PERSECUTION Dr. Tson was a pastor in Romania during the communist years. He was repeatedly arrested, interrogated and tortured for sharing the gospel. Dr. Tson "During an earlier interrogation at Ploiesti I had told another officer who threatened to kill me, 'Sir, let me explain how I see this issue. Your supreme weapon is killing. My supreme weapon is dying... Everyone will know I died for my preaching. And everyone who has a tape will pick it up and say, 'I'd better listen again to what this man preached, because he really meant it: he sealed it with his life.' So, sir, my sermons will speak 10 times louder than before. I will actually rejoice in this supreme victory if you kill me...' As long as I tried to save my life, I was losing it. Now that I was willing to lose it, I found it." - Dr. Josef Tson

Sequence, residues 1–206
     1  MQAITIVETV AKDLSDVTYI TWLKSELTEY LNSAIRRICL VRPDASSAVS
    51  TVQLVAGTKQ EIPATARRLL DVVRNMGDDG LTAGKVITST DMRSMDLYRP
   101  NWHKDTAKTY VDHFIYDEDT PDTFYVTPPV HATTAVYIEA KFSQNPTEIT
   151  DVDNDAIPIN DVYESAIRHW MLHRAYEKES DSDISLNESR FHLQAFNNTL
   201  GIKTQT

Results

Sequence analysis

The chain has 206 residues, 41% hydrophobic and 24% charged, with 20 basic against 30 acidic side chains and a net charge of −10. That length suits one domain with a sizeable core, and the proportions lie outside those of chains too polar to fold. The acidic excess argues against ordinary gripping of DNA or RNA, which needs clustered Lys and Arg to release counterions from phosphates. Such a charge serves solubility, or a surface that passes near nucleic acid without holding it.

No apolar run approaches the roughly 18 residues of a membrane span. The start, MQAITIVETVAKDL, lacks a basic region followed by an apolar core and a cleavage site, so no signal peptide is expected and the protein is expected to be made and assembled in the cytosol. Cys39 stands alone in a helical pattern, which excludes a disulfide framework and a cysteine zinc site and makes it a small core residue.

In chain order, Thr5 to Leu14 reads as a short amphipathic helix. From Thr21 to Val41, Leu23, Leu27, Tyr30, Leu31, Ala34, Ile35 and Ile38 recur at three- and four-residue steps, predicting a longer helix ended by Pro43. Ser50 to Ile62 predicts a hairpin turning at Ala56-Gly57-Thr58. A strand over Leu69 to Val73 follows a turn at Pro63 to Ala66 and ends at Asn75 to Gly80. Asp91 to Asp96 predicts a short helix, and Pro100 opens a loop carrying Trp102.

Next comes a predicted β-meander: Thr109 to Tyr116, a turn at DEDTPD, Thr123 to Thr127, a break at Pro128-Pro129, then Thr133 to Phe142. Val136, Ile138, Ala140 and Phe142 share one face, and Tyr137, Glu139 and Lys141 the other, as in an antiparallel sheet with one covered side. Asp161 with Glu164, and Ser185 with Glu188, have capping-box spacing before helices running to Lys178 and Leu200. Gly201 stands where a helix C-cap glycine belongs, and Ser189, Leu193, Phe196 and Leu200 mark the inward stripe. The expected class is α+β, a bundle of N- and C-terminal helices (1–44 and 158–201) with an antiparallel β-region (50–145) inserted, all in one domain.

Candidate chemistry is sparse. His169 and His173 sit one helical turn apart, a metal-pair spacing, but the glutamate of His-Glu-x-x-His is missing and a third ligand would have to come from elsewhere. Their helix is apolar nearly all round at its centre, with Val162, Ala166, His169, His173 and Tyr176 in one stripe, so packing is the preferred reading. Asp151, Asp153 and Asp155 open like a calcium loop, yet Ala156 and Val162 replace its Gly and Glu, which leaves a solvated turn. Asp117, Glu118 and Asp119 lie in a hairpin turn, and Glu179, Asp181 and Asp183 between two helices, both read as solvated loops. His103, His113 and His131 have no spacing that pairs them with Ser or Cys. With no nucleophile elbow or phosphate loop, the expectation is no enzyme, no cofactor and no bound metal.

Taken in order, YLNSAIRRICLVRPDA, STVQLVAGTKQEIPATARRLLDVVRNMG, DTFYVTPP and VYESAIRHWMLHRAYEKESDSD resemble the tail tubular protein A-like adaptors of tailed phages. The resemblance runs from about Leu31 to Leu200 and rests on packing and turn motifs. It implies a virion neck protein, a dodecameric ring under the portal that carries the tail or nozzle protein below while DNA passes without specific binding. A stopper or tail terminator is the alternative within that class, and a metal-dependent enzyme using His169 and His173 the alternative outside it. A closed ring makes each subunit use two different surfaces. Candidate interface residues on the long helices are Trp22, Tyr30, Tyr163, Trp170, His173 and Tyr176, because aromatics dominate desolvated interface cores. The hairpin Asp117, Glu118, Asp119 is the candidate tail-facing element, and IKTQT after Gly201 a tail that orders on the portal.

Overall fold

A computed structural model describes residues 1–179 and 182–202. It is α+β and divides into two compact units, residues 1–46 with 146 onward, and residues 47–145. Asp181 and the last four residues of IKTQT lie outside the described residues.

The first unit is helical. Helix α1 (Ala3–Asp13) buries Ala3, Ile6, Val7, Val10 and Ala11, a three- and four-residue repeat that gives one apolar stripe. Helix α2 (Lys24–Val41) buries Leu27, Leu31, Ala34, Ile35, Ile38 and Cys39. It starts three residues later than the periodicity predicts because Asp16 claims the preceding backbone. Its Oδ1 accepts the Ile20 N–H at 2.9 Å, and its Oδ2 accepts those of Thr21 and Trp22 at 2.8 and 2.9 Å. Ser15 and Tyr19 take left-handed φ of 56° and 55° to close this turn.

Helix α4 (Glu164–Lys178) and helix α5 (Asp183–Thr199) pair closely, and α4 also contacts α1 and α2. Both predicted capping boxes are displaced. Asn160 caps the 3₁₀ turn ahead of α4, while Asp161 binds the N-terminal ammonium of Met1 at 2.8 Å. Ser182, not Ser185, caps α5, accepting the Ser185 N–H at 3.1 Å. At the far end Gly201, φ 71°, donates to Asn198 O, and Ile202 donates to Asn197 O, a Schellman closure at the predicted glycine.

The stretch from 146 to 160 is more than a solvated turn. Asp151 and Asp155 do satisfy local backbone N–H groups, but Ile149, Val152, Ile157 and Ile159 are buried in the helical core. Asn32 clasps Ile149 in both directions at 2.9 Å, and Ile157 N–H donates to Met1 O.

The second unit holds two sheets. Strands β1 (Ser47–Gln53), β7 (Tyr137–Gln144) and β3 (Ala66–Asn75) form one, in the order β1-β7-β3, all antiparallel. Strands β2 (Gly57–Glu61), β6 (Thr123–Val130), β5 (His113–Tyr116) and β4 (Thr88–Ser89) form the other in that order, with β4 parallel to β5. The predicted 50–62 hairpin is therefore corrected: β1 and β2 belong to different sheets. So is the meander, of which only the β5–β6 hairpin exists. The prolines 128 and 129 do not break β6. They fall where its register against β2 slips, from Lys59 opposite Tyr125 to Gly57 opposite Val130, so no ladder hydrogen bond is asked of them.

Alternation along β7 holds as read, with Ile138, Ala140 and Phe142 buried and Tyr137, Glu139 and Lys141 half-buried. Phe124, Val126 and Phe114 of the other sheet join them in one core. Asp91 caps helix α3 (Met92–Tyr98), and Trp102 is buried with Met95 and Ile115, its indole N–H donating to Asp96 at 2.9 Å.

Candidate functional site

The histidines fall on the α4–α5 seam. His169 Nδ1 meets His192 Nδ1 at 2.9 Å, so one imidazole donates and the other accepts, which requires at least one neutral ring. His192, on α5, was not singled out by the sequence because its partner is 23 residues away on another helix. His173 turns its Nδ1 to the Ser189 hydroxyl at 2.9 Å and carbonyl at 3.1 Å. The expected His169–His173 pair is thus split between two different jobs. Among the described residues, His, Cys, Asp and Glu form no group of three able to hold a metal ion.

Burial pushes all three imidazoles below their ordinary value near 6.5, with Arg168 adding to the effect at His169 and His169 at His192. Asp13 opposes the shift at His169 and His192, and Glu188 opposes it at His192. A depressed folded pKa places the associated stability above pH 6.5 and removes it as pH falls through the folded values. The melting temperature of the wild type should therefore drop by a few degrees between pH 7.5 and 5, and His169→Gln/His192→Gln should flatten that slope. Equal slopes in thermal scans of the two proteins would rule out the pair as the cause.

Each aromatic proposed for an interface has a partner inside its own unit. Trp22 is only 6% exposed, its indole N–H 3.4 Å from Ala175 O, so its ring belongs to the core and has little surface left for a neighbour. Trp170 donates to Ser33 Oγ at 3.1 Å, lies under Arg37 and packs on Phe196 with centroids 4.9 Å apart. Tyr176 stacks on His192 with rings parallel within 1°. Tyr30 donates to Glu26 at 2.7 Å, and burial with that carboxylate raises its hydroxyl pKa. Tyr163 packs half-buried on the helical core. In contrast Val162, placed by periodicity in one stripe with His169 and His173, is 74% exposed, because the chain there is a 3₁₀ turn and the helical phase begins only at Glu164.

There is Self-sacrifice involved in Spiritual Leadership

Becoming a Servant takes God's Sovereignty, Our Sufferings and Self Sacrifice? How can you experience this? By God's Sovereignty He will lead you to positions of suffering and self sacrifice.  I received a letter the other day as did all our pastors:However, MSD and MC jointly have come to the view that as pastors, as churches, and as a denomination, we need to lift to greater prominence the task of growing new pastors.

Friends, the Lord said it would cost. If we do not make His requirements clear, then those who aspire to leadership will quit after the first year of Pastoral ministry. Burn out for pastors is extremely high. I am the only pastor in my year still serving as a pastor of a Baptist church. Of the 100 who were in college at the same time as I was, barely 10 still remain as pastors.  Many that have dropped out have dropped out broken and bitter men.

It is not easier tasks that we need, but better men. Better men are not built by lying about the task.  They are built of better stuff than that.

With thanks to Spiritual Leadership by J Oswald Sanders, FW Boreham and Ron Laura